Imagine a world that had swapped its guns for puns and its IEDs for repartees. Such a planet is possible if only those in power would manage their conflicts with flyting, the time-honored sport of verbal jousting.
Flyting is a stylized battle of insults and wits that was practiced most actively between the fifth and 16th centuries in England and Scotland. Participants employed the timeless tools of provocation and perversion as well as satire, rhetoric, and early bathroom humor to publicly trounce opponents. The term “flyting” comes from Old English and Old Norse words for “quarrel” and “provocation.” ‘Tis a form of highly poetic abuse, or highly abusive poetry—a very early precursor to MTV’s Yo Mama and Eminem’s 8 Mile.
“Court flyting” sometimes served as entertainment for royals such as Scottish kings James IV and James V. The most famous surviving exchange is The Flyting of Dunbar and Kennedie, which was performed in the early 16th century by William Dunbar and Walter Kennedy for the court of James IV. A medieval rap battle between two clever men, it featured the first recorded instance of poop being used as an insult. The moment Kennedy called Dunbar a “shit without a wit,” he ushered in a whole new era of scatological humor.
Some choice lines from Dunbar and Kennedie, translated from the Middle Scots, include:
“Gray-visaged gallows-bird, out of your wits gone wild,
Loathsome and lousy, as wet as a cress,
Since you with worship would so fain be styled,
Hail, Monsignor! Your balls droop below your dress.”
Those are just four lines of 128—it’s well worth checking out the rest if you want to up your insult game.
Of course, flyting was not humanity’s first foray into competitive insults. The popular 1938 book Homo Ludens, written by Dutch historian and theorist Johan Huizinga, makes the basic argument that the dawn of civilization was the moment when people started insulting each other rather than (or in addition to) physically attacking each other. There appear to be forms of verbal jousting in pretty much all cultures; for example, one finds similar rituals in Japanese Haikai, naqa’id in Arabic poetry, the Mande practice of Sanankuya and the Nigerian game Ikocha Nkocha.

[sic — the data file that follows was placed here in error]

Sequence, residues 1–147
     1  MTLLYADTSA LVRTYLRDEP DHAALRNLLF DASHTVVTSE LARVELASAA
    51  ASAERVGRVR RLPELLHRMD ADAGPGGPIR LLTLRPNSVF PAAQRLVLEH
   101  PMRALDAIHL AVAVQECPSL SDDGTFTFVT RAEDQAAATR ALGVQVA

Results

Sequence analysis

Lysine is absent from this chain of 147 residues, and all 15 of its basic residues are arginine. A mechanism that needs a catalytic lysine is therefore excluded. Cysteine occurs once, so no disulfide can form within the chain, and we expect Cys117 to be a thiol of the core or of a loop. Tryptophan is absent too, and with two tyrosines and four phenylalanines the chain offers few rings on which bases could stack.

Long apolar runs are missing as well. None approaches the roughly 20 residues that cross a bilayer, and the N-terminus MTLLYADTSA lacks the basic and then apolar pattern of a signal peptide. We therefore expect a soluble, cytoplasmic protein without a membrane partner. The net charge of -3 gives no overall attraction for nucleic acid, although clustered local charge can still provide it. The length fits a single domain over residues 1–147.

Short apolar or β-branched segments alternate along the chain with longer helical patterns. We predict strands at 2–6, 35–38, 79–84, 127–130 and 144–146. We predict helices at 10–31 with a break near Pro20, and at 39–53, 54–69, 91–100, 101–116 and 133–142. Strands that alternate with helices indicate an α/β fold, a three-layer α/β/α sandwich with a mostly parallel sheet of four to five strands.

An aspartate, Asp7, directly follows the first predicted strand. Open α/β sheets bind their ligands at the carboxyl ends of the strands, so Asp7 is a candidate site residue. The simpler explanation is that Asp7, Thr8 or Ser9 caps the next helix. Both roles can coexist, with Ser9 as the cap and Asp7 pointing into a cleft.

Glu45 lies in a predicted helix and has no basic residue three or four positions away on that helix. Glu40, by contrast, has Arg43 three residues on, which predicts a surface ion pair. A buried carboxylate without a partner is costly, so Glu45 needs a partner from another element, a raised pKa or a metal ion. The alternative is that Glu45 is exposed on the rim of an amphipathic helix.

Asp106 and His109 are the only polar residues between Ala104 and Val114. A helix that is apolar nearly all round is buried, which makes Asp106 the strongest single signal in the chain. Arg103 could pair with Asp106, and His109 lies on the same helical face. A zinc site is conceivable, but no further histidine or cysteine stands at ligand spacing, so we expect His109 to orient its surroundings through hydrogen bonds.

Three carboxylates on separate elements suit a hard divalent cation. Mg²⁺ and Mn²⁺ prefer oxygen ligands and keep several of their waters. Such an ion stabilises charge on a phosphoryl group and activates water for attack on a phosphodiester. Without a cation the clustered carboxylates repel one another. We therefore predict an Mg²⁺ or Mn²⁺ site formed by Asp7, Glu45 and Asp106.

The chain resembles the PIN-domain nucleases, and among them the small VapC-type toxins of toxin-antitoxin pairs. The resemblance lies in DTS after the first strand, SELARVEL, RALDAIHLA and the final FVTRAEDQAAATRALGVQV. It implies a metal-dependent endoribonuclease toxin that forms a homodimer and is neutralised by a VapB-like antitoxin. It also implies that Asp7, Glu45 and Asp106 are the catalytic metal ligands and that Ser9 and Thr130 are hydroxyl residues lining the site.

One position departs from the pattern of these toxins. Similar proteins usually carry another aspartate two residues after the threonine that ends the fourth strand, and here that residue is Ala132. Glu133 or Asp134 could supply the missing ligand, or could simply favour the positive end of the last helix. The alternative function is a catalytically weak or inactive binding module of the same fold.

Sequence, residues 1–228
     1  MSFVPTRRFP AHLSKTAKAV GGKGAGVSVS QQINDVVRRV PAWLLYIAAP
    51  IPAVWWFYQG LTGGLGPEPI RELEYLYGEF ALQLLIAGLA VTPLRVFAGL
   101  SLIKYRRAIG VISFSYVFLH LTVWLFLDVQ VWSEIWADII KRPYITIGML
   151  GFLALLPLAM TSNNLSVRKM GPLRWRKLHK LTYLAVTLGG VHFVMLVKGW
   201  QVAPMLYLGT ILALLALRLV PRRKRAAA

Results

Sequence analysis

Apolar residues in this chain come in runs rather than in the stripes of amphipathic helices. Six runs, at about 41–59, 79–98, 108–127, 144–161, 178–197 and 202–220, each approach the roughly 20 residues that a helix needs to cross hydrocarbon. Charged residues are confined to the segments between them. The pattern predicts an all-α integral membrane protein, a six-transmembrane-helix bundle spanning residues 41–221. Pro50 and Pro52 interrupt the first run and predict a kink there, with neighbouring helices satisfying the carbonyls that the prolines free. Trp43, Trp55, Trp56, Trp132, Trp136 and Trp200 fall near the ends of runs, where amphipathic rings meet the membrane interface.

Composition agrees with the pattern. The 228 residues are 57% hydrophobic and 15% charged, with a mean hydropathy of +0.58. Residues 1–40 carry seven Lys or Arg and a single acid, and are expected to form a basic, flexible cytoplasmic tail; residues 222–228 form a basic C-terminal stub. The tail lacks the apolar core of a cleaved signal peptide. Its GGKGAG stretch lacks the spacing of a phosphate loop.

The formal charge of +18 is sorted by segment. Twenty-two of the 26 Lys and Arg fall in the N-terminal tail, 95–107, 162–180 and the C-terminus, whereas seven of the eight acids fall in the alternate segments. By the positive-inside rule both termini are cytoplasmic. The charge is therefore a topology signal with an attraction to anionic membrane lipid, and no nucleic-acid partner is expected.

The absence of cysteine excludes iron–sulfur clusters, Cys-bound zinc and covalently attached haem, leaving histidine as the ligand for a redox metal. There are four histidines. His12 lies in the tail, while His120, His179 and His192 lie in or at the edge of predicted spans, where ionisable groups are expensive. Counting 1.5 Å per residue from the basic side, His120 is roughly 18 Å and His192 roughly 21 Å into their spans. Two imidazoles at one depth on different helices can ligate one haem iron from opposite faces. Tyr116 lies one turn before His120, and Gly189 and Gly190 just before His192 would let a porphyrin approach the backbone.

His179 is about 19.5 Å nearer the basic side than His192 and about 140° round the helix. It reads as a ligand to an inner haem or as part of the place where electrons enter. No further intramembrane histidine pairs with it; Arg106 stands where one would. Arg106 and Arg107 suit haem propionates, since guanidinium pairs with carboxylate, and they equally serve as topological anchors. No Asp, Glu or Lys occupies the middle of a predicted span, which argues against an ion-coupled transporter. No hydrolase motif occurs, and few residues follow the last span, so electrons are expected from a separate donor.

Forms of ritualized combat exist not only across cultures but also across species and spiritual universes. Gods in Norse literature have been known to flyte, and the concept behind flyting exists in the animal kingdom with agonistic behavior, when creatures establish dominance over each other without actually fighting.
Flyting lacks much written history, but flute-like exchanges of insults exist in early classics such as the epic Old English poem Beowulf and Shakespeare’s King Lear, in which Kent describes Oswald as, among other things:
“A knave; a rascal; an eater of broken meats; a
base, proud, shallow, beggarly, three-suited,
hundred-pound, filthy, worsted-stocking knave; a
lily-livered, action-taking knave, a whoreson,
glass-gazing, super-serviceable finical rogue”
The obvious modern-day equivalent of flyting is the rap battle, but it’s unclear whether the two forms of verbal combat have common ancestry. One academic, the late Ferenc Szasz, was convinced of a clear link between flyting and rap battles, applying his theory that American slaves adopted the tradition from Scottish slave owners.
The overlap of European and African culture in the South, and the question of how much European influence went into the rap battle, is a contentious issue, says Wald, author of The Dozens: A History of Rap’s Mama. “The fact is, there are much stronger survivals of deep African traditions than most people realize,” he says. “But, there also has been an amazing ability of African American culture to adapt and reuse stuff they’ve picked up from European culture.”
One of the major examples, says Wald, is rhyme. “There is no history of rhyme in any African language,” he says. “And that continues to be true in African American culture—right up until the 1880s or 1890s, well after the Civil War, virtually the only rhyme that you find in African American culture is from people trying to do European forms.”
By the 1930s and 1940s, however, rhyme was inseparable from and central to black hip culture. Part of this shift came in the form of “The Dozens,” a battle of insults tracing back to America’s 1920s and 1930s, customarily played out in front of an informal audience that keeps going until one person concedes.
For young African American men, the Dozens was a rite of passage. “The Dozens can be tricky, aggressive, offensive, clever, brutal, funny, inventive, stupid, violent, misogynistic, psychologically intricate, deliberately misleading—or all of that at once, wrapped in a single rhyming couplet,” writes Wald in his book. “Yo Mama” jousts, popularized by MTV, are a successor of the Dozens.
Regardless of whether flyting and the rap battle have an official link, they are ultimately part of the same art. We don’t necessarily need to bring back flyting; we just need to give the rap battle flyting status by making it part of political protocol. The hit musical Hamilton has recently proven that when politicians do rap battles in cabinet, everyone wins. Time to spit a rhyme, powerful people.